[9] Some of the gently inclined pediment-surface remnants are deformed by active faults and folds along the mountain fronts, leading to different elevations along the southern mountain front compared to those along to northern mountain front. This asymmetry is also reflected by the trunk channel of the basin, which flows closer to the northern mountain front, especially in the central part of the basin (Figure 1c).

4 Methods

4.1 Terrestrial Cosmogenic Nuclide Exposure Dating

[10] The accumulation of in situ-produced terrestrial cosmogenic nuclides [TCNs], such as 10Be, 21 Ne, and 36Cl, is related to the time that a fluvial terrace or pediment surface is exposed to secondary cosmic rays and can be used to derive an exposure age for the surface [cf. Siame et al., 1997; Gosse and Phillips, 2001; Niedermann, 2002]. Cosmogenic nuclides are produced in near-surface rocks by neutron-induced spallation, slow (or stopping) muon capture, fast muon-induced reactions, and capture of epithermal and thermal (low-energy) neutrons [Gosse and Phillips, 2001, and references therein]. The nuclide 10Be is produced through spallation reactions, stopped negative muon, and fast muon interactions; 21Ne is mainly produced through spallation reactions, and 36Cl is produced through low-energy neutron capture mechanisms, spallation reactions, stopped negative muon, and fast muon interactions [Zreda et al., 1991; Ivy-Ochs and Schaller, 2009]. Currently, the best-constrained production rates for these nuclides include the production of 10Be and 21Ne in quartz and 36Cl in calcite.

[11] For landforms capped by alluvial or colluvial covers, like river terraces and pediments, exposure ages from TCN concentrations in surface clasts can be complicated by inherited TCNs generated during exhumation and transportation prior to final deposition [Anderson et al., 1996; Hancock et al., 1999; Perg et al., 2001]. Specifically, the measured concentration N in a profile at depth z and time t, assuming uniform inheritance through the profile, can be described by a simplified equation (which can be expanded to include production mechanisms other than spallation):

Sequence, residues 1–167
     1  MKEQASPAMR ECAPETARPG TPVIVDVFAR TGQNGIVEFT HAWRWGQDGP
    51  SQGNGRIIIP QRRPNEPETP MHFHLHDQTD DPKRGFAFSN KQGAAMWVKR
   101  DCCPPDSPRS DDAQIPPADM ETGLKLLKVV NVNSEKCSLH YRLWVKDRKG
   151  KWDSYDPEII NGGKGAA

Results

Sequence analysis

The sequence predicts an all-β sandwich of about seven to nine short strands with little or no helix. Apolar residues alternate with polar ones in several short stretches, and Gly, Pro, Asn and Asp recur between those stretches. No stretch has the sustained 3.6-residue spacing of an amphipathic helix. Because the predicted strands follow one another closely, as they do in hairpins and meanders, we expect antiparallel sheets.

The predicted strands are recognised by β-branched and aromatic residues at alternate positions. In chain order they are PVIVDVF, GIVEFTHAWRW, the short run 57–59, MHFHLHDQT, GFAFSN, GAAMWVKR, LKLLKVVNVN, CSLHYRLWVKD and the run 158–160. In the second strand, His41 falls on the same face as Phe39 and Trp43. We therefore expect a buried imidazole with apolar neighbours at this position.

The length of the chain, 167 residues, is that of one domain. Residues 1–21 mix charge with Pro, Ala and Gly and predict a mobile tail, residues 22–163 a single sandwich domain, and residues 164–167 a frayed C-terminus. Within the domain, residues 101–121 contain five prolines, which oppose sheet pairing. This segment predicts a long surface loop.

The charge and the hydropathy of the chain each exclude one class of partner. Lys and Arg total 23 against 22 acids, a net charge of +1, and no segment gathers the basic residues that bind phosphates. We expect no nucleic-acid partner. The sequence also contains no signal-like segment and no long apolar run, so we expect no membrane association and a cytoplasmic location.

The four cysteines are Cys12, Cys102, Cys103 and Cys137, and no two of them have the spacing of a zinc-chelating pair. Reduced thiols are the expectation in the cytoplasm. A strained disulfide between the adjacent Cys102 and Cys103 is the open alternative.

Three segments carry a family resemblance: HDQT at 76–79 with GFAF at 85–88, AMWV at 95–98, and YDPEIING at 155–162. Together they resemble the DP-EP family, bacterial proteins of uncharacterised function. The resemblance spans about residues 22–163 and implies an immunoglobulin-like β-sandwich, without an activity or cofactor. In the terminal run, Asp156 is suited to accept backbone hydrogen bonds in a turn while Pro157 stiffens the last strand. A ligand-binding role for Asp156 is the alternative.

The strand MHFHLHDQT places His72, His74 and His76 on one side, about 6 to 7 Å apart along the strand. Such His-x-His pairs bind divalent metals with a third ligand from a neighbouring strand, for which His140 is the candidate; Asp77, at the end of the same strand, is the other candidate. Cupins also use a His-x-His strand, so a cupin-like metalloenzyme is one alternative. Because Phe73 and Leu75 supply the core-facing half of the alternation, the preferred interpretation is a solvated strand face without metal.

urn:x-wiley:02787407:media:tect20066:tect20066-math-0001(1)
where Ninher is the inheritance at the time of deposition, Λspall is the attenuation length for spallation-induced reactions, τ is the radioactive mean life, ρ is the density of the material, and P(0) is the production rate at the surface [Repka et al., 1997]. Because the production of TCNs by spallation and muon-induced reactions decreases approximately exponentially with depth, deeper samples are effectively shielded from postdepositional accumulation, meaning that measurements of nuclide concentrations from different depths (or one sample at great depth) can be used to estimate the nuclide inheritance in a sedimentary deposit. If that inherited component can be quantified, it can be subtracted from the surface concentration to provide a more reliable exposure age for the surface [Hancock et al., 1999].